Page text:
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Clarendon Startup ‘Endgame’ Evicts Bad Guys from Business and Government Networks

by Michelle Rosenfeld March 28, 2016 at 1:30 pm 0

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Editor’s Note: Sponsored by Monday Properties and written by ARLnow.com, Startup Monday is a weekly column that profiles Arlington-based startups and their founders, plus other local technology happenings. The Ground Floor, Monday’s office space for young companies in Rosslyn, is now open. The Metro-accessible space features a 5,000-square-foot common area that includes a kitchen, lounge area, collaborative meeting spaces, and a stage for formal presentations.

As cyberattack techniques become less costly and more adaptable, organizations will have to up their cybersecurity game. To that end, Clarendon-based Endgame has built a team of domain experts, scientists, software engineers and designers to protect the country’s most critical assets.

Founded in 2008, Endgame is a software firm that helps governments and commercial organizations to detect, contain and evict “bad guys” from their networks to prevent damage and loss of data.

“By 2008, the accelerating pace of technological change and seismic geopolitical shifts began to intersect in unprecedented ways, from the early signs of tech-enabled social movements to increasingly brazen state-sponsored cyberattacks on private companies, and our increasing dependence on digital systems,” said Margot Koehler, senior manager of marketing and communications at Endgame.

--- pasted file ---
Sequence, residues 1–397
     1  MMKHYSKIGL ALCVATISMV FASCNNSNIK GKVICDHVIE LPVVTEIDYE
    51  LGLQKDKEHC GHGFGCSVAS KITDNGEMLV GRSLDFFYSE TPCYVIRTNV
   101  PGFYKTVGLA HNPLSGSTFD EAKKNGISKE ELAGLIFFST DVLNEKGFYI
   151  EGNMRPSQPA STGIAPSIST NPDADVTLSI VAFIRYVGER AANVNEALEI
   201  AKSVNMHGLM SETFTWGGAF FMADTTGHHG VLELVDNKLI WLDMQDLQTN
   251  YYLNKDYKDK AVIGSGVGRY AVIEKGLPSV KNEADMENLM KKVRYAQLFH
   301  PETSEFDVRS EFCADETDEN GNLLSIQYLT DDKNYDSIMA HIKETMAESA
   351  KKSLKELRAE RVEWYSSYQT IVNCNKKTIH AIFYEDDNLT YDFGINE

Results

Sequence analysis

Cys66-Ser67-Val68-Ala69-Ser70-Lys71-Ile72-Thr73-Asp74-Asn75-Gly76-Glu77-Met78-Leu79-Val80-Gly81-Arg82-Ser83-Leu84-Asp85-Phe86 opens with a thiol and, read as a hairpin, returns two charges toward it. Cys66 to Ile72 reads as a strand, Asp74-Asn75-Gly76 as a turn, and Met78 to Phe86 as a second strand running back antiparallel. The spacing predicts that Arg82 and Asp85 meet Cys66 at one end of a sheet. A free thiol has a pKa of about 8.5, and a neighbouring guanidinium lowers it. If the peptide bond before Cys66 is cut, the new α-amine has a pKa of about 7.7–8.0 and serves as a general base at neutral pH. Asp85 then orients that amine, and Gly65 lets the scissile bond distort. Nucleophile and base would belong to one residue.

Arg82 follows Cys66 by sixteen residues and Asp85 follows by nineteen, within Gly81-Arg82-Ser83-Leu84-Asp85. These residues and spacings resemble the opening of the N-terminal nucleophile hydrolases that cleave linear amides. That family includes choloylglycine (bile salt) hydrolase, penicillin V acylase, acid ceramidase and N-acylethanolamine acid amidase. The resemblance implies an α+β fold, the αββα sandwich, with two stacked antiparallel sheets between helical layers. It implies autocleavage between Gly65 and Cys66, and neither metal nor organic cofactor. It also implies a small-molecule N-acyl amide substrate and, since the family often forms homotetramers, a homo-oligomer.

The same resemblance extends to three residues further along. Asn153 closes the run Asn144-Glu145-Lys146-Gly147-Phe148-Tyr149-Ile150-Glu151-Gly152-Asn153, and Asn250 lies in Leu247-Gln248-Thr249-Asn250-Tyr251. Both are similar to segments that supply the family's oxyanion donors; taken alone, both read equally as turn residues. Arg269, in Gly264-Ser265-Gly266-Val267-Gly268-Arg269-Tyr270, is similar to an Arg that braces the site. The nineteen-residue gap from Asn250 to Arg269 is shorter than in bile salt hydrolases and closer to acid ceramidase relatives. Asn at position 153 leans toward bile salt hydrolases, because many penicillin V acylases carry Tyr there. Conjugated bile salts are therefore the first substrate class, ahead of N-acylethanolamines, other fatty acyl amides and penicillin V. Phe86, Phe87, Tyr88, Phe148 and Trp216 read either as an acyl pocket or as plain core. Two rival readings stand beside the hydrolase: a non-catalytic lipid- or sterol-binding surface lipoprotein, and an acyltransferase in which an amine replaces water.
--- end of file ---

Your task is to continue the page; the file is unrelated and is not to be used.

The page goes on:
Endgame's "hunt cycle"“Companies around the world are spending billions of dollars every year on cybersecurity, [but] 90% of them are breached and the average dwell time for these advanced adversaries is 200 days before they’re even detected,” Koehler added. “Beating these threats requires us to rewrite the playbook and see the world as the adversaries see it.”

Endgame was established to “bring a faster and more agile style of software development to early adopters inside the intelligence community and the Department of Defense,” according to Koehler. “We figured that they are on the front lines of information security, and that their cutting-edge challenges would become commonplace more widely over time.”

Arlington was the obvious location choice to best reach Endgame’s clients. The company is expanding its office and was just named to the “Fast 50” list of high-growth cybersecurity and networking firms for the second year in a row.

“We’re thrilled to be based in Arlington. Arlington is a great place for Endgame headquarters — it offers a unique mix of amenities, talented workforce and convenient transportation options,” Koehler said.

Unlike other strategies, she said Endgame “brings offense to the enterprise by actively hunting for adversaries that bypass the traditional security stack,” helping “customers move from being the hunted to the hunter, stopping breaches at the earliest possible moment, before damage and loss can occur.”

Endgame has about 130 employees, who all focus on its five core values — integrity, boldness, speed, openness and responsibility. Aside from its Clarendon headquarters, the company has offices in Baltimore; Melbourne, Fla.; San Antonio; and San Francisco.

And Endgame continues to evolve to meet its customers’ changing needs and adapt to new research and development. “We’re here to take the security industry into the 21st century and beyond, and empower enterprises to hunt within their networks the adversaries of today and tomorrow,” the company’s website states.

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